Weekly Cocktail #13: The Seelbach Cocktail

The Seelbach Cocktail

One of the cool things about cocktails is how one drink can provoke many different reactions (and some fun conversations). And this week’s feature, the Seelbach Cocktail is a very good example. Created at the Seelbach Hotel in Louisville Kentucky in 1917, the Seelbach cocktail combines bourbon, Cointreau, liberal doses of Angostura and Peychauds bitters all topped with dry champagne. The drink is sweet from the bourbon and Cointreau, with pronounced spice from the bitters but has a dry, light finish from the champagne. The Seelbach is a balanced, tasty, classic drink that is often seen on better cocktail menus. This is a cocktail we will continue to make, and enjoy, regularly.

But beyond simply tasting good, what makes the Seelbach so interesting is the varied reactions to the flavors. Both Carolyn and I lean towards lighter gin, rum and tequila cocktails. When we tasted the Seelbach’s sweet bourbon, orange and spice we immediately thought “great for winter holidays”. But our friends who enjoy Manhattans and Old Fashioneds like the Seelbach as a “lighter”, almost summery, drink. If you are a fan of whiskey-based cocktails, the Seelbach certainly succeeds in keeping the flavor profile of whiskey, but also adding new dimensions and a cleaner finish. Having such broad, but varied, appeal is pretty nice trick for such a simple drink.

Making the Seelbach is easy, but there are differences between recipes on the proportion of bitters. The original recipe calls for up to 7 dashes each of Angostura and Peychauds bitters, while other recipes (like Ted Haigh’s) call for 2-3 dashes each of the bitters. We went with the full seven dashes and like the pronounced spice flavor, but the bitters will show even with 2-3 dashes. These are fun experiments, so feel free to play around. Besides, you can use this as an excuse to make another round.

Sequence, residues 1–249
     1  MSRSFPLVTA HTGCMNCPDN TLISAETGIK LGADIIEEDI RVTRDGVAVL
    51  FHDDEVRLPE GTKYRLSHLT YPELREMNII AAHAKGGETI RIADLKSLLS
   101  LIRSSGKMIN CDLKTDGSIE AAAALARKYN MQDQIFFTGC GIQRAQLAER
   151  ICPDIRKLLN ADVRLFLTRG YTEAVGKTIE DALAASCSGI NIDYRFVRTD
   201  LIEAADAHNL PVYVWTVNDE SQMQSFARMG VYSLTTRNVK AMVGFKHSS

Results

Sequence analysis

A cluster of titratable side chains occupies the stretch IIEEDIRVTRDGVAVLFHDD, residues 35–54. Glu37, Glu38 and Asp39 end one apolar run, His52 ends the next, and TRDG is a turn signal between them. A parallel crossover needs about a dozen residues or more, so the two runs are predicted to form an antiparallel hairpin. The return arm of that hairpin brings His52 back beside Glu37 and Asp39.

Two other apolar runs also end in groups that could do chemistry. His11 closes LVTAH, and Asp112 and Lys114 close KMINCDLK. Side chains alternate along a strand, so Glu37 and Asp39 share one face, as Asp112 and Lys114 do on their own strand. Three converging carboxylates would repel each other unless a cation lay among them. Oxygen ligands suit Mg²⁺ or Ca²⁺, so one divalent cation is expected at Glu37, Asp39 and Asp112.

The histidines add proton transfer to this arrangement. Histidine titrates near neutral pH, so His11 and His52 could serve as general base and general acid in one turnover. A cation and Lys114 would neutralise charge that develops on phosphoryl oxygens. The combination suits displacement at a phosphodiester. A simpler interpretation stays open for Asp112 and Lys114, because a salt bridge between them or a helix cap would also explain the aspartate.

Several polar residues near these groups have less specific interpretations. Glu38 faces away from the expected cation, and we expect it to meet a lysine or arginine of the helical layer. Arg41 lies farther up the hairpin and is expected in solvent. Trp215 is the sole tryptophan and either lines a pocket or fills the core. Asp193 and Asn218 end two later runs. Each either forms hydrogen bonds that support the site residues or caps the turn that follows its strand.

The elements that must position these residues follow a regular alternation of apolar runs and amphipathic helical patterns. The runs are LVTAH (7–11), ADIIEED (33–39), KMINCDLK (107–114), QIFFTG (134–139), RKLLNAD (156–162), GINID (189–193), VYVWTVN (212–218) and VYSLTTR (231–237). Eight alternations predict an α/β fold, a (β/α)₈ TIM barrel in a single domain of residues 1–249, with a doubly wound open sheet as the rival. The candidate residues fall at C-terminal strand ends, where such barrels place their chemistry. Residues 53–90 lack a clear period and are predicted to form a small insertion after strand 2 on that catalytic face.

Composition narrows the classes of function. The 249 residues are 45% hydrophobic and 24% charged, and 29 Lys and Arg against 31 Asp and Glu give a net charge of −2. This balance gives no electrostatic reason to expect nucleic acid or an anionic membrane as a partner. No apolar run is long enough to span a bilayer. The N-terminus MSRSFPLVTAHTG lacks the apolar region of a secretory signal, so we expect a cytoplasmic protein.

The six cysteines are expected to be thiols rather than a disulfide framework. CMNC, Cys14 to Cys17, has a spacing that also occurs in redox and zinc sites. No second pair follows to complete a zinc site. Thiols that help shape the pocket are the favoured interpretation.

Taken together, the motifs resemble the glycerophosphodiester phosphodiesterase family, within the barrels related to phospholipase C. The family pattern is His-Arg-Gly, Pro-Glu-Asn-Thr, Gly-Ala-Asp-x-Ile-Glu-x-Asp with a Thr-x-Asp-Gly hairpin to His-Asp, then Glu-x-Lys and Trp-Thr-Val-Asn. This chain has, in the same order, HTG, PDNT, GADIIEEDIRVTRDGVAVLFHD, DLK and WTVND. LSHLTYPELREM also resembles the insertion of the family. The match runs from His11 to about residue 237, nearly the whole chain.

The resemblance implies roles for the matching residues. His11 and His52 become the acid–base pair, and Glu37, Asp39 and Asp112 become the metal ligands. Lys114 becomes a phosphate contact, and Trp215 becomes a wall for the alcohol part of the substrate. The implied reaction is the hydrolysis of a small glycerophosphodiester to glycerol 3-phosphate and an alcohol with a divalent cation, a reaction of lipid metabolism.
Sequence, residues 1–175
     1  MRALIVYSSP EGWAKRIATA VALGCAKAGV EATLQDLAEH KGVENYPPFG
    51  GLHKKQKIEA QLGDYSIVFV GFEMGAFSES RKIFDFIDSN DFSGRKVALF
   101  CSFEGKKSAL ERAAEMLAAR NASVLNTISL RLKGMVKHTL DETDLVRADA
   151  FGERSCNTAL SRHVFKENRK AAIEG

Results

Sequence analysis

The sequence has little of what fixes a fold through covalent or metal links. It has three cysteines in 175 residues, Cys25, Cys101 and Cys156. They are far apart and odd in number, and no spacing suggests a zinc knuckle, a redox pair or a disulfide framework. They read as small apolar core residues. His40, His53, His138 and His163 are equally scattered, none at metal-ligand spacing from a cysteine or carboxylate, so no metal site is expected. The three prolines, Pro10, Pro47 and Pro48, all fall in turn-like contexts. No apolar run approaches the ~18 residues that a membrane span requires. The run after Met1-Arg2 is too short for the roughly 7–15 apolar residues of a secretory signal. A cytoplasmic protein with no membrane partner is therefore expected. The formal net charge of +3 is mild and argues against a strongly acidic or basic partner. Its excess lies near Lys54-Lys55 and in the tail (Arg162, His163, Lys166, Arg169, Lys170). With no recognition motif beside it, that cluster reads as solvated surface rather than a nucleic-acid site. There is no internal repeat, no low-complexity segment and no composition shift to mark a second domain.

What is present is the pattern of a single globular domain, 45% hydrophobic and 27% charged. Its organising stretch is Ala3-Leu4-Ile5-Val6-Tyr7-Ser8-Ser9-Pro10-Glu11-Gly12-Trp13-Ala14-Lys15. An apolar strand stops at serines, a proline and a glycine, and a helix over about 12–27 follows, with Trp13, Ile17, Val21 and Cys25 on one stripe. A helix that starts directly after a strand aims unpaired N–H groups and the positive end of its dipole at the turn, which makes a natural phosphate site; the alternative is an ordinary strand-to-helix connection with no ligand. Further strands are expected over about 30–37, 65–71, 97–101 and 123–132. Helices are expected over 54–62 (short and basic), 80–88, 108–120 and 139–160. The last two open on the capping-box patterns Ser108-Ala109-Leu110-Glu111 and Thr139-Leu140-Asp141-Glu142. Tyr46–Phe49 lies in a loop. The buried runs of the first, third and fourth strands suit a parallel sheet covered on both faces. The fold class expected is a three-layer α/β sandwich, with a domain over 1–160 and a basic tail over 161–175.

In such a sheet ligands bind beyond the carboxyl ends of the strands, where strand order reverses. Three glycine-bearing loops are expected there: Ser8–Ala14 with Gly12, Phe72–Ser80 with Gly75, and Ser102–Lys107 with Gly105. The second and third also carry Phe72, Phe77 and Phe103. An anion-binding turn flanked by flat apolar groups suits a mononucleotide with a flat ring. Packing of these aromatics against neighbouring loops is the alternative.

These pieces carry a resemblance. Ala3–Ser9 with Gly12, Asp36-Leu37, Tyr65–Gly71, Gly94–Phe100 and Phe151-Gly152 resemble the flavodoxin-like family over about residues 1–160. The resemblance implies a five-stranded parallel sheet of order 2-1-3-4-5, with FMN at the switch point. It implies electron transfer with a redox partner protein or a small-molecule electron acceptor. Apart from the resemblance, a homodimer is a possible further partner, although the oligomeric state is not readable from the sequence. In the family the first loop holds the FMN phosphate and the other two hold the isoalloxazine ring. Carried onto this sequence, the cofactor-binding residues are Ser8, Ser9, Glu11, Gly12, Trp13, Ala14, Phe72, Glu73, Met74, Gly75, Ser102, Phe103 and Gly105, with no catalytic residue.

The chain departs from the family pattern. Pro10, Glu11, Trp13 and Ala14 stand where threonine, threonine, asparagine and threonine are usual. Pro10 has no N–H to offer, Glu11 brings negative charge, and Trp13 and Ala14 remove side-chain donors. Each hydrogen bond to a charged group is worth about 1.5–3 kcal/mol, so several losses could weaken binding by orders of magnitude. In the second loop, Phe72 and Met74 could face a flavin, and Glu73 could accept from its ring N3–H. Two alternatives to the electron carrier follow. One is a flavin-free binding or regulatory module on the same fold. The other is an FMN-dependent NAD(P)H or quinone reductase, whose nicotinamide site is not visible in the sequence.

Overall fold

As for the bourbon, we use Makers Mark in the Seelbach, which tends to run pretty sweet, so we went a touch light with the Cointreau and it kept the cocktail in balance. Cointreau (or any good triple-sec) is great stuff for cocktails, but too much is cloying- so if using sweeter bourbon, keep this in mind. (We also tried the Seelbach using Bulleit Bourbon, but then we needed all the Cointreau.)

Buy the bitters, your drinks will be better!

A last note on the bitters. If you don’t have Angostura and Peychauds bitters, the Seelbach cocktail is a good excuse to go get them. Angostura and Peychauds bitters (and maybe orange bitters) are all you need to build and/or enhance hundreds of classic cocktails, from 19th century classics all the way to Tiki drinks. So not only is the Seelbach tasty, it is a good excuse to improve all your cocktails. Another nice trick for such a simple drink.

The Seelbach Cocktail:

 Ingredients:

  • 1 oz. bourbon
  • ½ oz. Cointreau (or quality triple-sec)
  • 7 dashes Angostura bitters
  • 7 dashes Peychauds bitters
  • 3 oz. dry champagne
  • Lemon twist, for garnish (optional)

 Assemble:

  1. Combine the bourbon, Cointreau and bitters in a cocktail shaker with ice. Shake thoroughly and strain into a chilled champagne flute.
  2. Slowly add the champagne to the flute. Garnish with a lemon twist, if you like.
About these ads

6 thoughts on “Weekly Cocktail #13: The Seelbach Cocktail

    • Angostura is still “the” bitters but Peychauds is big in “old time” drinks, particularly those from New Orleans like the Sazerac. Also used in some mint julep recipes, the Metropole and the Morning glory fizz. Nice red color and softer flavor than Angostua. Fun stuff.

      Thanks for reading!

  1. Pingback: Weekly Cocktail #33: The Rochelle-Normande « Putney Farm

  2. Pingback: Weekly Cocktail #34: The Sawyer « Putney Farm

  3. Pingback: A Few Christmas Cocktails « Putney Farm

Please Comment

Fill in your details below or click an icon to log in:

WordPress.com Logo

You are commenting using your WordPress.com account. Log Out / Change )

Twitter picture

You are commenting using your Twitter account. Log Out / Change )

Facebook photo

You are commenting using your Facebook account. Log Out / Change )

Google+ photo

You are commenting using your Google+ account. Log Out / Change )

Connecting to %s